Anyone who has ever applied for a job online knows that not all application processes are the same. Enter your cover letter, attach a resume, send an email… these are fairly standard methods. As a writer, you really only need a few basic tools for applying for writing positions:

  • Website with writing samples (portfolio)
  • Cover Letter (digital version)
  • Resume (on your website and PDF version for uploading)

How you use these items is another story all together.
Here are a few common scenarios and tips to consider when applying:

Email Replies

Though employers advertising online usually asks applicants to send the basics (rate/fee, experience, samples, and resume) via email, you should be careful about how you approach the ‘email application.’ Just because you are being asked to send an email, doesn’t mean you should be casual and throw the information together and hit send in under twenty seconds. Your email is your cover letter and perhaps your one – and only – chance to make yourself shine.

The kicker is how you include your additional information. Do you attach five different documents? An email brimming with attachments appears cluttered and unorganized. This certainly is not the impression you want to give the employer! The solution is rather simple. Include a link to your website where you have housed your writing samples and resume. Of course, if the employer requires you to attach your resume and/or samples, then do so. Always follow the employer’s directions, even if you think it’s easier or ‘cleaner’ to send a link to a resume. Of course, this doesn’t mean you can’t still send a link to your website or other work on the web, however. Go beyond what is required to grab an employer’s attention. Getting creative in your approach may be what ultimately lands you the job. Just do so in a way that is subtle (e.g. adding a link to your signature line or as part of a single sentence of text inviting the employer to peruse additional information).

Attaching a Resume or CV

If an employer asks you to upload your resume online or to send it via email, keep in mind two crucial items (beyond the basics of having a resume that is neat/organized and shows off your skills):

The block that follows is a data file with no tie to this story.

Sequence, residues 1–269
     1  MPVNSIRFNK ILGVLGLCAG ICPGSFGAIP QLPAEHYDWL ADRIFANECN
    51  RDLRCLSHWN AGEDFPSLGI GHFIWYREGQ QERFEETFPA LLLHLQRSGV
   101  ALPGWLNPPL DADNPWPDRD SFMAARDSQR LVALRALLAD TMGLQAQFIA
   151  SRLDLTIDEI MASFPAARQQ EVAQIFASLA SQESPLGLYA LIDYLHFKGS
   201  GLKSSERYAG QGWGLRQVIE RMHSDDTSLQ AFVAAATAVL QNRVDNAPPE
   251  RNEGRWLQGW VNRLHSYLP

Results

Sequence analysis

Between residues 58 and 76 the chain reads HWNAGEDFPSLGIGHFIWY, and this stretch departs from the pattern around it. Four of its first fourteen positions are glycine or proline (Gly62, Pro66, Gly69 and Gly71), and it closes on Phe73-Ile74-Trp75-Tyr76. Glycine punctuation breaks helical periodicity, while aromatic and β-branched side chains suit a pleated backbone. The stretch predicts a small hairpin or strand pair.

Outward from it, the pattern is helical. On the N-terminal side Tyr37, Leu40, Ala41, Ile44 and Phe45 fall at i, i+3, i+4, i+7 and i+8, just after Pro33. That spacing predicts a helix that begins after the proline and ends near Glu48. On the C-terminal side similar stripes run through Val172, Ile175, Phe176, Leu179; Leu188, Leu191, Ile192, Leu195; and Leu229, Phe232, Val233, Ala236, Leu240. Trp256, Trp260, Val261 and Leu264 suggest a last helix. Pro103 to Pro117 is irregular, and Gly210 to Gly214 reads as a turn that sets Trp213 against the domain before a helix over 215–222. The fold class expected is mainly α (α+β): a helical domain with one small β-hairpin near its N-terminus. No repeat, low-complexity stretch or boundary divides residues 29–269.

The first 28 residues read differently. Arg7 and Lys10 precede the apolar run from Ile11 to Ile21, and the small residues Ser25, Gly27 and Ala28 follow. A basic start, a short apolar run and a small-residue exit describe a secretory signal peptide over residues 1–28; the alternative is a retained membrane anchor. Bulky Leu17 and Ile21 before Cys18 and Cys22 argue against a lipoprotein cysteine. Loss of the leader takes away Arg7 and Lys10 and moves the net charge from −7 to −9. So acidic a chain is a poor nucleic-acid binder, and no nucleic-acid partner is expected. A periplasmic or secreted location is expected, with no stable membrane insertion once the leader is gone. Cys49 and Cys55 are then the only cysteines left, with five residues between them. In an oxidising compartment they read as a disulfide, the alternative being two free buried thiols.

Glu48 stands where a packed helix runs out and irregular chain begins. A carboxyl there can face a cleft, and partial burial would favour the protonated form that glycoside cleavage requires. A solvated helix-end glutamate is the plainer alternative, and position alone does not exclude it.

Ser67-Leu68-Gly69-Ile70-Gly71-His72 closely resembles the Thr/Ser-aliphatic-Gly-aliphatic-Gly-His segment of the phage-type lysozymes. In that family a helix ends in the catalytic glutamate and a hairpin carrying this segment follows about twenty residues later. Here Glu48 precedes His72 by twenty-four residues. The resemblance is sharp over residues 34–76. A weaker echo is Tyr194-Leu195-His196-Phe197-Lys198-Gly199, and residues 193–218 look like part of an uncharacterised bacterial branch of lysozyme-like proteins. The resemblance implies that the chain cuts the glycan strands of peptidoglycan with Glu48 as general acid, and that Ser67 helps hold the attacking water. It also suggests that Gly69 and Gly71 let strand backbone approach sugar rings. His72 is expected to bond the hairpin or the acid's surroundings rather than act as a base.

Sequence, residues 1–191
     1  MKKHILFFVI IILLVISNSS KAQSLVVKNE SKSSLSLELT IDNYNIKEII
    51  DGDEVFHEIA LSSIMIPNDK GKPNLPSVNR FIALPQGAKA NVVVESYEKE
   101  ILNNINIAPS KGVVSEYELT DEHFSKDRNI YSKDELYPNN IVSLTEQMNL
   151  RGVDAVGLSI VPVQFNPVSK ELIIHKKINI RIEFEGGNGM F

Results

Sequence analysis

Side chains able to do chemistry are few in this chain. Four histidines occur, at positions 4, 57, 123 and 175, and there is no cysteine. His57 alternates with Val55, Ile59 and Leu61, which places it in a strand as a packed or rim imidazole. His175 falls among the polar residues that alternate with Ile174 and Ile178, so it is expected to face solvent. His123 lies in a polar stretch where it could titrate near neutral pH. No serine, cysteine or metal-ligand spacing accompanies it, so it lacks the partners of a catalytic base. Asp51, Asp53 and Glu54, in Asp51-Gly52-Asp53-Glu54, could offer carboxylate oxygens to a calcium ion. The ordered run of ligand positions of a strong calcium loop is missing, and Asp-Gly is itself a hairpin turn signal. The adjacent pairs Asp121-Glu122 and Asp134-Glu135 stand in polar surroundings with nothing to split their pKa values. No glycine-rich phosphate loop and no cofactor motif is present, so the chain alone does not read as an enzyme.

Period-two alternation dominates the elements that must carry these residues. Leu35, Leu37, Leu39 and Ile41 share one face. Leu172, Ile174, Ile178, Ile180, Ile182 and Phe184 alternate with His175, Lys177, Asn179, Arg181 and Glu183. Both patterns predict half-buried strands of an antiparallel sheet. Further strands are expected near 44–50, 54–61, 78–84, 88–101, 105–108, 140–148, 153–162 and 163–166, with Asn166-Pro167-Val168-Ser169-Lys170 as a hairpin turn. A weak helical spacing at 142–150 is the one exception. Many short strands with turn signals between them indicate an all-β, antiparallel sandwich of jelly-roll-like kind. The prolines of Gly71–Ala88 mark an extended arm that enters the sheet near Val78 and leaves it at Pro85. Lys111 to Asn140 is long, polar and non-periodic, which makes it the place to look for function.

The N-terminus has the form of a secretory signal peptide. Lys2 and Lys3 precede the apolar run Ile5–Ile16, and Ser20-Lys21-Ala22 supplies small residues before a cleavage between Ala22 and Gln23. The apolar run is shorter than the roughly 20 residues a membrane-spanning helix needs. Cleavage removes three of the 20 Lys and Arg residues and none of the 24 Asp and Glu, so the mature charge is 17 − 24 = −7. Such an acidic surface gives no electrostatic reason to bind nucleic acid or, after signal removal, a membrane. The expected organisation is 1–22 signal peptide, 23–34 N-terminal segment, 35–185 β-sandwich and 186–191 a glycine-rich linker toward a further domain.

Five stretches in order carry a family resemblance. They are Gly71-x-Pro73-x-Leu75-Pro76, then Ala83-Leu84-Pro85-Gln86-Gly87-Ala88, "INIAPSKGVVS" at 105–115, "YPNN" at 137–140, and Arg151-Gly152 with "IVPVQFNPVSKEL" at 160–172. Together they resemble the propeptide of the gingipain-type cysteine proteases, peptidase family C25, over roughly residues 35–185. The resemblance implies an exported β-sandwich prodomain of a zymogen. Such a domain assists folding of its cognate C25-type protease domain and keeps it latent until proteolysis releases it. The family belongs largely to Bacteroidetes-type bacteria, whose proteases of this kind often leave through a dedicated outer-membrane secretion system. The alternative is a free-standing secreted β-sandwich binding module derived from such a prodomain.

1. Send PDFs, not word docs. The formatting in a word doc often get ‘screwed up’ when the document is opened by another operating system. You want your resume to open and look the way you sent it… readable, organized, and professional. You don’t want lines and fonts taking on a life of their own because two computers (sending and receiving) aren’t of like-mind.
  2. Add links to a few key words in your resume. Just because the employer asked for a resume doesn’t mean he or she will print it out. In all likelihood, the employer will open your resume online – along with the other 250+ resumes he/she received. Those 250+ resumes is the main reason your resume will probably only receive a 10-20 seconds perusal, which is exactly why you should embed links in your resume. Those few embedded links will stands out and scream ‘click me,’ enticing your potential client or employer to open your online portfolio and view work that couldn’t fit in that one-page resume.

Don’t go overboard adding a link to every other word in your resume. There is always the chance that your resume will be printed out. The underline for embedded links will show up as mere underlines when the resume is printed. You could end up with a bunch of underlined words that appear random or out of place. Where to embed links in a pdf resume is a balancing act and takes consideration, just like each and every word you place in your resume and cover letter.

Updating one’s resume, or publishing credits, can often yield surprising information.

I am as guilty as any when it comes to being too busy to add new credits to my resume on an ongoing basis. I recently needed to send my resume to a potential client, which meant I had to spend a few minutes updating my credits first. What I didn’t expect were the few hours it would take me to clarify some information with an editor.

I have developed and sold many puzzles over the years. Once you sell a puzzle (with full rights) to a publisher, anything can happen to the puzzle. The puzzle may appear in a book once, or in several books, or not at all, just sitting in inventory until an editor pulls it for the ‘right’ book or publication. In my case, several of my puzzles were used in books I didn’t know about until I made my request.

After several emails back and forth with my editor determining which books and publications had included my puzzles, I suddenly had a longer list of credits to my name than I had previously believed. A nice bonus there. Of course, it was nice to touch base with my editor, and put my name in the forefront on her mind. While I love keeping in touch with editors, I won’t email or call them without good cause. Their time is precious too. And this editor at Brain Games was quite gracious to work with me to unearth the information I sought.

The key to finding out about the additional books, aside from having a great editor, was the detailed list of what I had worked on, with dates, puzzle names, and the names of her predecessors to whom I had sold the puzzles. I didn’t simply go to the editor with the request, “find all the information associated with my name, please.” I had a detailed starting point for her, which undoubtedly made her search easier – never burden your editor if you can avoid it!

In the end, I have my list of credits… and I even sent my updated resume out on time.